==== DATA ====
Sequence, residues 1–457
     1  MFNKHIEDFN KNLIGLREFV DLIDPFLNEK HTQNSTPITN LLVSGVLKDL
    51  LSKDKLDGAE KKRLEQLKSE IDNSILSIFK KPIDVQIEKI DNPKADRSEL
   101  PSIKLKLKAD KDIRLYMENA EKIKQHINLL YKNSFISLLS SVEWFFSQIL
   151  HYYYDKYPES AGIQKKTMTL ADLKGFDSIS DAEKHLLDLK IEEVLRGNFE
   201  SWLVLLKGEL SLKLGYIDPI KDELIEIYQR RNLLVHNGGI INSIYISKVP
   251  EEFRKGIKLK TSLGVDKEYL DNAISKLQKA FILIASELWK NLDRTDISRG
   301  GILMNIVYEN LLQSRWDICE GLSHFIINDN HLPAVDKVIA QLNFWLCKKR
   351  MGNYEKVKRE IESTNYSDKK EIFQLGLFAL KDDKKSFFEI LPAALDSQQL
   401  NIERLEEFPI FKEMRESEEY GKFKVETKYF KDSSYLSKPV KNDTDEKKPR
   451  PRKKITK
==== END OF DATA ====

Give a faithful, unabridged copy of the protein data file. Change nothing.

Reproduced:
Sequence, residues 1–457
     1  MFNKHIEDFN KNLIGLREFV DLIDPFLNEK HTQNSTPITN LLVSGVLKDL
    51  LSKDKLDGAE KKRLEQLKSE IDNSILSIFK KPIDVQIEKI DNPKADRSEL
   101  PSIKLKLKAD KDIRLYMENA EKIKQHINLL YKNSFISLLS SVEWFFSQIL
   151  HYYYDKYPES AGIQKKTMTL ADLKGFDSIS DAEKHLLDLK IEEVLRGNFE
   201  SWLVLLKGEL SLKLGYIDPI KDELIEIYQR RNLLVHNGGI INSIYISKVP
   251  EEFRKGIKLK TSLGVDKEYL DNAISKLQKA FILIASELWK NLDRTDISRG
   301  GILMNIVYEN LLQSRWDICE GLSHFIINDN HLPAVDKVIA QLNFWLCKKR
   351  MGNYEKVKRE IESTNYSDKK EIFQLGLFAL KDDKKSFFEI LPAALDSQQL
   401  NIERLEEFPI FKEMRESEEY GKFKVETKYF KDSSYLSKPV KNDTDEKKPR
   451  PRKKITK